Parents Hosting Underage Parties

Parents Run a Risk When Hosting Parties for Teens

Safety, Tips & how-to

The kids are back at school, celebrating football with parties and bonfires. As a parent, you may host a party at your own home, hoping this will keep your own children out of trouble. You may even find your house having been used to host a party — unauthorized — while you were out.

What you may not know is that neglecting to control alcohol consumption by others in your home can get you in trouble with the law. While hosting parties in your own home may sound like a way to keep your kids under control, you may find yourself in trouble if things go awry.

Social Host Liability

If someone drives away from your home under the influence, you could be held liable for their actions –whether you provided alcohol or not. Providing alcohol (intentionally or negligently) to any teen other than your own makes you responsible for anything they may do the rest of the night. Even if you don’t buy alcohol, the guests might bring alcohol or drugs to the party, and you are responsible for monitoring that.

It can be extremely difficult to make sure everyone gets home safely, but not doing so is a huge risk. Should a drunk guest from your party be caught, there will likely be probation, fines, and of course personal and professional consequences; you could even face a six-month license suspension. Under social host liability, you could potentially be held responsible for an accident caused by drinking teens allowed to drive home from your party. You could be forced to pay for some or even all of the damages in such an accident. The negligent act of letting drunk teens drive home from your home is where you could get into trouble, so you may want to consider letting people sober up on your couch.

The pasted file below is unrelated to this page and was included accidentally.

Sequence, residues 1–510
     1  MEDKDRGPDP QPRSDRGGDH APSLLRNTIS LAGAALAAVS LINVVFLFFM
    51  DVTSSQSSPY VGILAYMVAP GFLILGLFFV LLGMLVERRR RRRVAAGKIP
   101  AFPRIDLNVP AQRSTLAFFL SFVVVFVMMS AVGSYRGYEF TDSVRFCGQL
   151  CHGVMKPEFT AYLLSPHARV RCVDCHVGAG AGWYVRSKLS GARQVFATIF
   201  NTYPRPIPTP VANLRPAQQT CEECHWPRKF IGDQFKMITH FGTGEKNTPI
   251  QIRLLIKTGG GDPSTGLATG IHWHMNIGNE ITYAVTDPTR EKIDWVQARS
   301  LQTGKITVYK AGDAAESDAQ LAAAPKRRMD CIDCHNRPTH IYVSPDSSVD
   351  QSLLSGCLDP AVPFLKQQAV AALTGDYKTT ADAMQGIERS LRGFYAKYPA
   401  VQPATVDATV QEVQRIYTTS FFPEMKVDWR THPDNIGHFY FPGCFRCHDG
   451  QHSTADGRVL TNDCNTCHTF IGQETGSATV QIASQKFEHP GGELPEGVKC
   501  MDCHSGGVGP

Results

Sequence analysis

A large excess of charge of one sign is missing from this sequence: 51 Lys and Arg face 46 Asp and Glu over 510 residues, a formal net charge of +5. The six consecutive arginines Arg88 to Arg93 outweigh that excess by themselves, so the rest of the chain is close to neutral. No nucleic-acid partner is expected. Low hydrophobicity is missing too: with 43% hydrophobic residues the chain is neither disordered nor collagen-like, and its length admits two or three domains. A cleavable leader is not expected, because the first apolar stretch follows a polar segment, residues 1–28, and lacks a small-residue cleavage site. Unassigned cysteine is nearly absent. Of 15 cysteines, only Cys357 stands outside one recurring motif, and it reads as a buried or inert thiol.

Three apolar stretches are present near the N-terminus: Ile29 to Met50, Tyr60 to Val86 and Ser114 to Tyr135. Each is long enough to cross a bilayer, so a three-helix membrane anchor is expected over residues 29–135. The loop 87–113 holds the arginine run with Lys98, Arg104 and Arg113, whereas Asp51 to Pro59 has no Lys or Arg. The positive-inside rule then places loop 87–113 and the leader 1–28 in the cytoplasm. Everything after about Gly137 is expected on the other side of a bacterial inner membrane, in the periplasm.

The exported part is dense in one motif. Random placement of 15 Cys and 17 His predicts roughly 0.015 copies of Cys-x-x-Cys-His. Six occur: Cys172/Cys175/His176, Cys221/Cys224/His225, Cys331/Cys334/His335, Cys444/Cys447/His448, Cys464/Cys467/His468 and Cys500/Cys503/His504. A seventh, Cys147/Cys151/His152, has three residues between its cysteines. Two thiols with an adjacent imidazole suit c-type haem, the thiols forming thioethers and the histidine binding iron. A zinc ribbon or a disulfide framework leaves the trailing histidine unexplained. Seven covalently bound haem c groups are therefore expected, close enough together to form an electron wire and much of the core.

Protect Your Kids, Protect Yourself

Maybe you thought throwing a party would get your kids on your good side at a time when they’re otherwise pulling away from you. Remember though, that you are still a parent, and teaching your kids responsibility is important. The problem is that some kids are sneaky, and you can still be held legally responsible for underage drinking at your house, regardless of whether the alcohol is sneaked in and you attempted to stop the party when you found out.

Offer sodas or caffeinated drinks to guests — in cans, not punch bowls. Offer food as well to keep stomachs full. Watch for people with flasks, and ask anyone breaking rules to leave your home — with a designated driver. Drive kids home yourself if you must, leaving another responsible adult home to tend to remaining guests.

Your very best protection is to avoid throwing a party altogether, as large parties can quickly run out of control. Consider encouraging smaller get-togethers at your home with a few of your kids’ more intimate friends — the ones you know you can trust.  In these settings it’s easier for you to pop your head in a room once in a while and make sure your kids are okay.